Friday, March 11, 2005

French Court Releases Internaute on Private Copying Clause

An internet user that had copied nearly 500 movies, burned them on CDs and shared them with his friends, has been released without charges by the French Court of Appeals of Montpellier yesterday. The news is brought by this posting on the site of the French Association of Audionautes, which helps internet users with their defense in copyright infringement cases. The title of their posting, "Movies Downloading Judged Legal In France", is optimistic and misleading. According to the Audionautes posting the Court stated that: "authors can't forbid copies or reproductions that are only intented for the private use of the copyist." Thus the user was released on the basis of the private copying clause as laid down in article L-122-5 of the French Intellectual Property Code (English version available here):
Once a work has been disclosed, the author may not prohibit: 2°. copies or reproductions reserved strictly for the private use of the copier and not intended for collective use (...)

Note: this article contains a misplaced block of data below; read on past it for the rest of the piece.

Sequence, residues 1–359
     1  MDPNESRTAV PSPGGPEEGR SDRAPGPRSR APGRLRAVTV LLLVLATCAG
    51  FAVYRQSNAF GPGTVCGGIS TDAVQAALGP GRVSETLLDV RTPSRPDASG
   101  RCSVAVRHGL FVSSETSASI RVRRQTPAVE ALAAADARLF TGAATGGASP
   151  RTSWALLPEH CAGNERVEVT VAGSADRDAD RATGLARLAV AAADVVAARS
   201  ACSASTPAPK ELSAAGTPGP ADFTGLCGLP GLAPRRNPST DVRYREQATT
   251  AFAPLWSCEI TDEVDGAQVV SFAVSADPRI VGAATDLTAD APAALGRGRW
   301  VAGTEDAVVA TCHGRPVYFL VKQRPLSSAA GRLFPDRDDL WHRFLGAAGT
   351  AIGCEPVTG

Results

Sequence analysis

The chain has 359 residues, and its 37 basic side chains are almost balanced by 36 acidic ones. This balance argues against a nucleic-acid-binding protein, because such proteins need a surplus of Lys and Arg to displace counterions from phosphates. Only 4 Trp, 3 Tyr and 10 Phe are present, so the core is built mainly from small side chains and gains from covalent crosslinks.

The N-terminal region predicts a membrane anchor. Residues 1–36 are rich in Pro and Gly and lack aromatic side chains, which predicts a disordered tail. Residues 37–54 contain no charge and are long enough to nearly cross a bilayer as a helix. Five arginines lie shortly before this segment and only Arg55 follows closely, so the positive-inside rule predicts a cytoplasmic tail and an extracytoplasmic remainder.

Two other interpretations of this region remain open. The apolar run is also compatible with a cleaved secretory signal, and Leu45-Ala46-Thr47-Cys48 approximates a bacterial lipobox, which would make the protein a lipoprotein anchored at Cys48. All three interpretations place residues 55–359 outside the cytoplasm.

This does not mean that the Court has judged that movie downloading is now legal in France on a general basis. Though I have not (yet) seen the judgment, it (probably) gives the indication that private use may be a defense against a claim of copyright infringement for downloading. While this might be called a recognition of the private copying clause in the digital environment, it is not clear if this will hold up. There are currently about 50 comparable criminal cases pending, and in the past users have been sentenced for these acts. It has to be seen if this decision will be followed in the future.

Towards DRMs the private copying clause does not do much good. An earlier French court decision made it clear that private copying should be regarded as a a defense and not a right Consequently it cannot be called upon against the rightsholder. If a user cannot make a copy the private use exception will not provide a legal tool to achieve this. The optimists of Audionautes might say that downloading now provides a legal alternative.
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Thru Furdlog
This is a cross-posting with the INDICARE Blog

Later: The eight page decision can be found here [PDF, French]. Thru Michael Geist's BNA Internet Law News.

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